Background Many nonischemic cardiomyopathy (NICMP) patients referred for catheter ablation of ventricular tachycardia (VT) undergo an initial epicardial approach under general anesthesia (GA). However, GA may suppress inducibility and decrease tolerance of induced VT, leaving substrate modification as the sole ablation method. Objectives Determine the utility of a strategy of initial programmed electrical stimulation (PES) under light sedation in patients referred for epicardial ablation of VT. Methods Of 68 NICMP patients referred for VT ablation, 25 were referred specifically for epicardial ablation. All patients underwent PES under conscious sedation, with conversion to GA and epicardial access only if VT morphology and/or endocardial mapping suggested an epicardial substrate. Results VT was induced with PES in 24 of 25 patients (mean age 52 years; 76% male; ejection fraction 38 ± 18%). VT was hemodynamically tolerated in 63% and unstable in 38% of patients. The noninducible/unstable VT patients underwent substrate modification based on voltage and pace mapping. Of the patients with stable VT, 73% were mapped and ablated endocardially (six right ventricle, three left ventricle, one left coronary cusp, one middle cardiac vein), and 33% were successfully ablated in areas of normal endocardial voltage. After ablation, the clinical VT was noninducible in all patients. After mean follow-up of 10 months, 80% were free of implantable cardioverter defibrillator shocks or sustained VT. Conclusions An initial approach of PES and entrainment mapping under conscious sedation is critically important for patients with NICMP referred for epicardial ablation. Empiric ablation of endocardial/epicardial scar would have missed the clinical VT in 20% of patients.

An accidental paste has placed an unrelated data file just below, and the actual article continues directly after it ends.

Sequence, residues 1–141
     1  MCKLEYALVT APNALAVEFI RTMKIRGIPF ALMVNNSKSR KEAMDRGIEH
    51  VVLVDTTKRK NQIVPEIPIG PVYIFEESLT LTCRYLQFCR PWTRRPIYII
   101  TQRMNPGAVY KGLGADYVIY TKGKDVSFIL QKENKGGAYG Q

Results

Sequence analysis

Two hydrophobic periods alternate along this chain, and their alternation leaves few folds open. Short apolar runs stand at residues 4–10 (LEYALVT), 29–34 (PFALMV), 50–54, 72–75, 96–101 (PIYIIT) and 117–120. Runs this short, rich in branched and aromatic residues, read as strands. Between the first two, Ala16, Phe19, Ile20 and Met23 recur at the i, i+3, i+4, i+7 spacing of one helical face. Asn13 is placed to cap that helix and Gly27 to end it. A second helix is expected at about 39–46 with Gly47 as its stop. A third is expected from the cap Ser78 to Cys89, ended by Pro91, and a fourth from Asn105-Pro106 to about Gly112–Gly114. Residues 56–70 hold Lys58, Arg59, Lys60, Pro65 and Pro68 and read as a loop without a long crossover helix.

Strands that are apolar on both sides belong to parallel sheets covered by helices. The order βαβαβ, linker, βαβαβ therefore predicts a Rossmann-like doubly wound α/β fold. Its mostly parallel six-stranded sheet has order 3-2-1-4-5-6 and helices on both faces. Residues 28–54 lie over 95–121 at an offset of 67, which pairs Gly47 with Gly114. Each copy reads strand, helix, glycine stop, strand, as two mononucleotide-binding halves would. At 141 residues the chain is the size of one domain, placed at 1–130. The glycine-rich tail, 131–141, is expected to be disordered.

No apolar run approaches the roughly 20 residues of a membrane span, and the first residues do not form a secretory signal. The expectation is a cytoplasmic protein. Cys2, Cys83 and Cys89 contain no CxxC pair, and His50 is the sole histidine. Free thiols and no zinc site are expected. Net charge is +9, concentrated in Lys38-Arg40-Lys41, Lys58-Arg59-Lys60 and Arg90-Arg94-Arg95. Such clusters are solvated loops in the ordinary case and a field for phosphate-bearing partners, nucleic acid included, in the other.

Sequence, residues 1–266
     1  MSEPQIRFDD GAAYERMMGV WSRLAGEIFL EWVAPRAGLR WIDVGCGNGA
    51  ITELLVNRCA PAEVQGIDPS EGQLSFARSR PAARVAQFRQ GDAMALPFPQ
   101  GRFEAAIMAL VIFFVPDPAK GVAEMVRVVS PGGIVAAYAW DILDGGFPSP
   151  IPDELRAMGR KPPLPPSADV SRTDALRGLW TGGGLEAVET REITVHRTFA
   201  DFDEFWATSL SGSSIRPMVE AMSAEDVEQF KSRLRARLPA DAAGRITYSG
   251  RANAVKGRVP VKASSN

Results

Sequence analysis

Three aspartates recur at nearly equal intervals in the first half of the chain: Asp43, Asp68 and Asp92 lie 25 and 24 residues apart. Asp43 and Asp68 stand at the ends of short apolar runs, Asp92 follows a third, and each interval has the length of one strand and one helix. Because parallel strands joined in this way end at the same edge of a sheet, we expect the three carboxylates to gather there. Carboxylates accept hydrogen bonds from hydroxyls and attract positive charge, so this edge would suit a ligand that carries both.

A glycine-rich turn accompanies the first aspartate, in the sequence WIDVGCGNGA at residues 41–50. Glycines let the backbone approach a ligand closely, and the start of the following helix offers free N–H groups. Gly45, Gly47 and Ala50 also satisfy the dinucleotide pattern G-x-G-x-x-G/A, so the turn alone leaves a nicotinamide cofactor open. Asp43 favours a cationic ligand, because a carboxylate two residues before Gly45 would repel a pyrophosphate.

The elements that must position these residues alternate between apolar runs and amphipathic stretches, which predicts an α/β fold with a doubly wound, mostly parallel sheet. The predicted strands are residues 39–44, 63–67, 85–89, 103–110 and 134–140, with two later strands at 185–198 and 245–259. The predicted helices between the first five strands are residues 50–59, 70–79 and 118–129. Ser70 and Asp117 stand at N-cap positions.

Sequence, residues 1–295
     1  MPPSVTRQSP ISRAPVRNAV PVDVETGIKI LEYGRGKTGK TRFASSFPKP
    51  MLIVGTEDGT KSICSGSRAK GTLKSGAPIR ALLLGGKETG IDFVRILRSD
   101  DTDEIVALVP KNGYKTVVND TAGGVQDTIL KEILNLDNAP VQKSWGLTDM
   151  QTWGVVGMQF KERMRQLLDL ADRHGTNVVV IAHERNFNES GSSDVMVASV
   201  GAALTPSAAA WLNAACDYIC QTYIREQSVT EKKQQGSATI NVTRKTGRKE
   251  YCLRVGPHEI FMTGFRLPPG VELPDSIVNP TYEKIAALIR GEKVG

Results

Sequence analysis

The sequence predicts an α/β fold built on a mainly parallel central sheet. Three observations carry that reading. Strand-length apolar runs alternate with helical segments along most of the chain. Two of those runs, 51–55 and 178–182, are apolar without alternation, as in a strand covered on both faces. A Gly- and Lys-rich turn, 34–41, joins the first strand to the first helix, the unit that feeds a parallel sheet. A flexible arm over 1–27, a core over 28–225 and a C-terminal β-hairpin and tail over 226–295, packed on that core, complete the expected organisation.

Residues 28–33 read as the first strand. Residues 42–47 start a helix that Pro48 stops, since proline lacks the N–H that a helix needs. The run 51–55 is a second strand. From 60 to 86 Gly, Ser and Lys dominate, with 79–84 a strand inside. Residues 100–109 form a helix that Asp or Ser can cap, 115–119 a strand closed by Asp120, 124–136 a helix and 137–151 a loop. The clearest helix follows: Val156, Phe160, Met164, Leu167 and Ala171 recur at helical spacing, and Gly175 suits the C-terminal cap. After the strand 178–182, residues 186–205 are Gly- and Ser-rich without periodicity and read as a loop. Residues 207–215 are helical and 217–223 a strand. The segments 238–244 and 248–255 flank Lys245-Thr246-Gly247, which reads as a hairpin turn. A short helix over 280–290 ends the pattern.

- epicardial ablation
- nonischemic cardiomyopathy
- ventricular tachycardia
ASJC Scopus subject areas
- Cardiology and Cardiovascular Medicine